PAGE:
For several years now, the US has taken a back seat to Asia and Europe in regard to next-generation wireless deployment. A mix of competing wireless standards and tepid SMS usage were largely viewed as a sign that the US could not keep pace with the rest of the world.
Not any more.
While Japan and Korea will retain their lead for some time, the US is poised to surpass Europe in network speeds, bandwidth consumption and, more important, network variety. Here's the landscape as it looks today:
Next-gen Network Plans
Cingular: UMTS/HSDPA (6 cities live with UMTS)
T-Mobile: Wi-Fi currently and UMTS/HSDPA appears likely
Verizon Wireless: EV-DO (14 cities live)
Nextel: EV-DO Rev A or Flash-OFDM
Europe will see isolated HSDPA deployments, but nothing on the scale that we're going to see here. That's because Verizon's EV-DO network is pushing the other carriers to keep pace or try to leap ahead. And because Europe is on one standard and one set of train tracks, things are going to move a bit more slowly. One big wild card is the extent to which Flash-OFDM and UMTS-TDD succeed in Europe.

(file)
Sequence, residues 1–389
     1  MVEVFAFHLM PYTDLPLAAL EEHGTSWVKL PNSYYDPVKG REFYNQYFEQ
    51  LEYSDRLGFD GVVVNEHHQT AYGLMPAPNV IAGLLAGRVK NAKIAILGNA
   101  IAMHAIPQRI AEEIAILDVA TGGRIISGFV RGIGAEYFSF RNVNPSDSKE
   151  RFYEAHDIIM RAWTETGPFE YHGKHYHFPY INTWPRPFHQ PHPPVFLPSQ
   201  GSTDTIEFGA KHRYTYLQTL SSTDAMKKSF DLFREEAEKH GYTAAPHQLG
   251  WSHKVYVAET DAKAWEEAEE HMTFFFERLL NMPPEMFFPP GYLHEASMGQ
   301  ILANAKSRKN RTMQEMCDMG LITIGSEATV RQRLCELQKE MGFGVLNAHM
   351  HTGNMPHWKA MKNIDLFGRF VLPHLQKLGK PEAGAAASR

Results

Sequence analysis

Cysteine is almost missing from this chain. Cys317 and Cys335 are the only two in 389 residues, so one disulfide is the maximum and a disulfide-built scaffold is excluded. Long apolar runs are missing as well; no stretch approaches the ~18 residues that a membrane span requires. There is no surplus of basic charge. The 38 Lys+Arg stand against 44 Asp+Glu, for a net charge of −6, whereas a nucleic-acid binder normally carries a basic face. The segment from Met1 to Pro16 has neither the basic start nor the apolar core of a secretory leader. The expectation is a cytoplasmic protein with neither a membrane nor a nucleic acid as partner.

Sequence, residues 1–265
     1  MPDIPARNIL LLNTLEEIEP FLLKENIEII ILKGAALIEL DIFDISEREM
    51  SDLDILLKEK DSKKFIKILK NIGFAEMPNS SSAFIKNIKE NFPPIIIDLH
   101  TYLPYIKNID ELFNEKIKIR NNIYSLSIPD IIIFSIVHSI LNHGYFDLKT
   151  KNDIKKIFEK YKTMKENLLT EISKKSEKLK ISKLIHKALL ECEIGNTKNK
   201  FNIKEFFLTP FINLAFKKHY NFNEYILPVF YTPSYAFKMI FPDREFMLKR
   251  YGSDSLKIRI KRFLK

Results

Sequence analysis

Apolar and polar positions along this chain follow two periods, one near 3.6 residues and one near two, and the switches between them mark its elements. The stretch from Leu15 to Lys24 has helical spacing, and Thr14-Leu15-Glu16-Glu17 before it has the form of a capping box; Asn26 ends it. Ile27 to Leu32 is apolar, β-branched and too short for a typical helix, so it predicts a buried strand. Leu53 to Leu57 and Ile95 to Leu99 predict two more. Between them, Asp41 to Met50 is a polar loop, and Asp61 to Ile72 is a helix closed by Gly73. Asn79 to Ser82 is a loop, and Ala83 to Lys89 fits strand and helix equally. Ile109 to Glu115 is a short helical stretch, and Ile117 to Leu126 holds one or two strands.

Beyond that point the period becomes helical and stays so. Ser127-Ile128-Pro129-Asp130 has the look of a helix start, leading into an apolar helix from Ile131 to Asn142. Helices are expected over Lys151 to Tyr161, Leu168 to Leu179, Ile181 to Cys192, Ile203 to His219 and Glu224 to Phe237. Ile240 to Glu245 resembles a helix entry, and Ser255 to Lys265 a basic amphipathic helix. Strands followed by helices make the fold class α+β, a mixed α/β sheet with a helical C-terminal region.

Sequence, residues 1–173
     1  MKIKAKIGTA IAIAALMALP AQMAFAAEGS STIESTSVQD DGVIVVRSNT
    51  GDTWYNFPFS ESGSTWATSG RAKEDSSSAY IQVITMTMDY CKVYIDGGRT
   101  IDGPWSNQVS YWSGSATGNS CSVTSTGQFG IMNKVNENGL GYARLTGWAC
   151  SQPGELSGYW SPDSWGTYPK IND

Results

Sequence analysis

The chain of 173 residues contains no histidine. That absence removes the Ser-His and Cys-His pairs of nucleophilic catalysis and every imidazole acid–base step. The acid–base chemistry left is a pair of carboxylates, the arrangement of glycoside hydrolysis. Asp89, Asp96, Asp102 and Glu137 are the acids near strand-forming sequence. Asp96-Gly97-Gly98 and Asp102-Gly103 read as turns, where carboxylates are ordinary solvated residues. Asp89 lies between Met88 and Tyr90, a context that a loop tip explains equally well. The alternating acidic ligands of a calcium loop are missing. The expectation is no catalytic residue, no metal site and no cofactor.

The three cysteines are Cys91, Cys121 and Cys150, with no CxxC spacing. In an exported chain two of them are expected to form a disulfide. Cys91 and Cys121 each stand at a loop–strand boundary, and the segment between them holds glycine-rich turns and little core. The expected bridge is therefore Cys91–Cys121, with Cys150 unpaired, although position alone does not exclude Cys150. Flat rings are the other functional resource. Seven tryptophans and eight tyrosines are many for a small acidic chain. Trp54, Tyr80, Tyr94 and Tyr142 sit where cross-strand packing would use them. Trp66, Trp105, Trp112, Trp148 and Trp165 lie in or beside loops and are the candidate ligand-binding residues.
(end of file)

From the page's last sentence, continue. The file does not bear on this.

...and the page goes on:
Remember when the US was criticized by Europe for its chaotic mix of wireless technologies? Ironically, this chaos appears to be doing more good than harm as it creates a more dynamic technology horse race.
And then there is bandwidth consumption. So what if US text messaging isn't on par with Europe; Americans are now paying for TV feeds from Sprint and are hungry for more frames per second. Qualcomm is priming the multimedia content market with its own nationwide OFDM rollout. And then there is Wi-Fi, which is wildly popular in the US and is driving carriers to create "Wi-Fi-like" wireless experiences.
Finally, there is Nextel, which will deploy a technology that is in line with what's going on right now in Korea. Truly cutting edge. (I'll post my thoughts on which vendor will win out in a few days.)
Yes folks, things are looking up for wireless consumers in the US.